Patrick DeLacy

From Wikipedia, the free encyclopedia
  (Redirected from Patrick De Lacey)
Jump to: navigation, search
Patrick DeLacy
Patrick De Lacey.jpg
Born (1835-11-25)November 25, 1835
Carbondale, Pennsylvania
Died April 27, 1915(1915-04-27) (aged 79)
Pennsylvania
Buried Saint Catherine's Cemetery, Moscow, Pennsylvania
Allegiance United States of America
Service/branch United States Army
Union Army
Rank Captain (Mustered out of the army as a lieutenant)
Unit Company A, 143rd Pennsylvania Infantry
Awards Medal of Honor

Patrick DeLacy (November 25, 1835 – April 27, 1915) was an American soldier who fought in the American Civil War. DeLacy received the country's highest award for bravery during combat, the Medal of Honor, for his action during the Battle of the Wilderness in Virginia on 6 May 1864. He was honored with the award on 24 April 1894.[1][2]

Biography[edit]

DeLacy was born in Carbondale, Pennsylvania on 25 November 1835. He enlisted in the 143rd Pennsylvania Infantry. He was promoted from private to sergeant major to lieutenant before he was mustered out of the army in June 1865. He was posthumously promoted to the rank of captain on June 8, 1987, due to the efforts of Elizabeth Hicks Jaquinot.[3] He died on 27 April 1915 and his remains are interred at Saint Catherine's Cemetery in Moscow, Pennsylvania.[4] He earned his Medal of Honor on 6 May 1864 when he shot a Confederate color bearer and captured the flag of the 1st South Carolina Infantry regiment.[5]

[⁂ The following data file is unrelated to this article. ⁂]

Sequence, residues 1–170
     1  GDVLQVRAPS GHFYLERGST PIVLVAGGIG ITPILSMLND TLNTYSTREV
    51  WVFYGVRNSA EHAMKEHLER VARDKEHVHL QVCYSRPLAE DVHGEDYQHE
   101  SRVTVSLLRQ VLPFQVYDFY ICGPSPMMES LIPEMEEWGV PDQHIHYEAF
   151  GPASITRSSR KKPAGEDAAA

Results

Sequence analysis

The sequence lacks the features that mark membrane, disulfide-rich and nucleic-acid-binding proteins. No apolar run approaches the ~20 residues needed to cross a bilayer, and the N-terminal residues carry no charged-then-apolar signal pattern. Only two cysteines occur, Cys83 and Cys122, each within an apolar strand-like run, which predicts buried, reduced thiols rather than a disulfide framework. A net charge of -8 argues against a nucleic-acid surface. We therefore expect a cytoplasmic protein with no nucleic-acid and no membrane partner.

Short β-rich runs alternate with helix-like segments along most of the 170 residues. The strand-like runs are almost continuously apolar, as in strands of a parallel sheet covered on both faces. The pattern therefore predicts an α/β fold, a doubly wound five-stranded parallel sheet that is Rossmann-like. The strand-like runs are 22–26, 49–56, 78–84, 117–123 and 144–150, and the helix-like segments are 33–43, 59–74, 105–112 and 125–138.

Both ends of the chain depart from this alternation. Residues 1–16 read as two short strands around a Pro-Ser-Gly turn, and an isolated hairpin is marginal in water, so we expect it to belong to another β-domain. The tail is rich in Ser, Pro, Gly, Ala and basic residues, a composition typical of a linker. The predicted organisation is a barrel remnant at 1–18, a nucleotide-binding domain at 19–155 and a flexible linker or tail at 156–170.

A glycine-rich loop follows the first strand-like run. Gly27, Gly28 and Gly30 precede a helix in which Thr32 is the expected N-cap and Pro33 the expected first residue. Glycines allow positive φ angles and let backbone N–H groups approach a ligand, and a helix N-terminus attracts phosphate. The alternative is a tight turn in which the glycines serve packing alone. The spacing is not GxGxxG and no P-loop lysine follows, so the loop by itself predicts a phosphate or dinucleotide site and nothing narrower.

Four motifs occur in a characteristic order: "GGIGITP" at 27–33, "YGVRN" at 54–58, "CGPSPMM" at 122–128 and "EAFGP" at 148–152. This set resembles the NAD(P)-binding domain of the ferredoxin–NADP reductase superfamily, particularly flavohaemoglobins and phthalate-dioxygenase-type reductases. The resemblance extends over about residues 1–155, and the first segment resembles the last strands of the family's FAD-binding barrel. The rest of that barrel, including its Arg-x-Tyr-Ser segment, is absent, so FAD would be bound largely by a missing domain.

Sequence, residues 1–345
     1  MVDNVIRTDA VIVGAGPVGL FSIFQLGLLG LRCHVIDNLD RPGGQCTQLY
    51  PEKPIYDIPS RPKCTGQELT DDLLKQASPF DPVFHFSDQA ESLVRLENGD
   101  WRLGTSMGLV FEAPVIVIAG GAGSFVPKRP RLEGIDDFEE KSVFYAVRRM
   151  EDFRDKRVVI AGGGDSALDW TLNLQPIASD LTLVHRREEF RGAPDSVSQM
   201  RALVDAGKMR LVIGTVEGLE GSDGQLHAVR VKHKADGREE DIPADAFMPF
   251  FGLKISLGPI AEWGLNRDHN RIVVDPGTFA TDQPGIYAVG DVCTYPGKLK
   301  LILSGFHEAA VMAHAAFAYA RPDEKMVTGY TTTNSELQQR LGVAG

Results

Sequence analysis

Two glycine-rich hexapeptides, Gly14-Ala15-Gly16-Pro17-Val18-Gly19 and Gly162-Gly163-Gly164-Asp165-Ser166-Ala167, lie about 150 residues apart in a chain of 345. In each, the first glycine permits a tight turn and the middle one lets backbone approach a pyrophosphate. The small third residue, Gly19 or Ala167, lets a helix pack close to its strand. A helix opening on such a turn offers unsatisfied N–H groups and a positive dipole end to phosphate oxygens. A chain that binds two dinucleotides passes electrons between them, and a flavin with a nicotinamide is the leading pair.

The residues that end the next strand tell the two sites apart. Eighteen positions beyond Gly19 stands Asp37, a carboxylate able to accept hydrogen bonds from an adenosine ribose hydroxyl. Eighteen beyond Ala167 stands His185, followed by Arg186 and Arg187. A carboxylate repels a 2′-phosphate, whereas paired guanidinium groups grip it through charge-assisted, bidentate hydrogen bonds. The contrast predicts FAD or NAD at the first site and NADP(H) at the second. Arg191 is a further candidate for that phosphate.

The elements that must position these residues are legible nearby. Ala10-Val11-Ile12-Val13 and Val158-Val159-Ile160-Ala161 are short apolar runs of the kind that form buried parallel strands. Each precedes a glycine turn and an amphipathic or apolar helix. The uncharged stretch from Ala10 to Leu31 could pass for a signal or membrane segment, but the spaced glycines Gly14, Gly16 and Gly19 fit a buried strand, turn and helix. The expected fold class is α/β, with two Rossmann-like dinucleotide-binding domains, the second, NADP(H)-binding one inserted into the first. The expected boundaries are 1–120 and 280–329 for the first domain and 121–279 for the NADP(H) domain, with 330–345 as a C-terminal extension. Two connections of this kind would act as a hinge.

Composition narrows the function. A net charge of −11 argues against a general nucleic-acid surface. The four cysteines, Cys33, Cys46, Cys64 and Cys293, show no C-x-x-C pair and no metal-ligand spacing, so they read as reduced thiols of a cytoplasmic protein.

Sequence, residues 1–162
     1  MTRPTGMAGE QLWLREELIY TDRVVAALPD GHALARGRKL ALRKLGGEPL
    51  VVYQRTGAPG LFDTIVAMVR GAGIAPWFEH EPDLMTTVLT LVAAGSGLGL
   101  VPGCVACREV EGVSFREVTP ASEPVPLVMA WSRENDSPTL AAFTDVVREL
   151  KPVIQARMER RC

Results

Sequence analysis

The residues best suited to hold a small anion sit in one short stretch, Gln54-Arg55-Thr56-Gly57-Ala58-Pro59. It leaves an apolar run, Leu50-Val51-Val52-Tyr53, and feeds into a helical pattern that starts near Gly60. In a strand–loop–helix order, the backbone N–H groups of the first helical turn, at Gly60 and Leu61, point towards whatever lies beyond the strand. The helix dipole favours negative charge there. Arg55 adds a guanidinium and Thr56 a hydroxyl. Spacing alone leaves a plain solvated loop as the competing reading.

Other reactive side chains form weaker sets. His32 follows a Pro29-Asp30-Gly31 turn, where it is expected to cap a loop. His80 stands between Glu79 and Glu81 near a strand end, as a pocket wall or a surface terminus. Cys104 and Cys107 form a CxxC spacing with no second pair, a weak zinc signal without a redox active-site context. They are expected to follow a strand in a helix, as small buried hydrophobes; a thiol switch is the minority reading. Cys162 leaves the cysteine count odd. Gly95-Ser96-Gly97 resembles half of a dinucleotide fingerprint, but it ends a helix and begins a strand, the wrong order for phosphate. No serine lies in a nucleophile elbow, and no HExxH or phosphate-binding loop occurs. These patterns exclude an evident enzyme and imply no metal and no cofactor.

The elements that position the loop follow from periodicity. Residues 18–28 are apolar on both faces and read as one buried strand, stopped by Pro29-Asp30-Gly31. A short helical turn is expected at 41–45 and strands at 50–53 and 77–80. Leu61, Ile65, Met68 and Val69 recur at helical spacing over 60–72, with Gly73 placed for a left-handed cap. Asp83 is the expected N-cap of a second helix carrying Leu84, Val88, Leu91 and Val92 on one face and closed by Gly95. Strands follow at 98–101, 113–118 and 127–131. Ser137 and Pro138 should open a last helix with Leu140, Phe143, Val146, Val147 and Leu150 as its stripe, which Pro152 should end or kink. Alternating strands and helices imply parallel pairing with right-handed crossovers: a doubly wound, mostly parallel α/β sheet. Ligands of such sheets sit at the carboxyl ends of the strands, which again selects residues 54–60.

Medal of Honor citation[edit]

Running ahead of the line, under a concentrated fire, he shot the color bearer of a Confederate regiment on the works, thus contributing to the success of the attack.[1][2]

See also[edit]

References[edit]

  1. ^ a b "Civil War (A-L) Medal of Honor Recipients". Retrieved 15 November 2013. 
  2. ^ a b "Patrick DeLacy". Retrieved 15 November 2013. 
  3. ^ "Patrick DeLacy "The Last Union Captain"". Retrieved 2 December 2015. 
  4. ^ Patrick De Lacy at Find a Grave
  5. ^ "Medal of Honor headstone dedication". Retrieved 15 November 2013. 

External links[edit]

Patrick DeLacy The Last Union Captain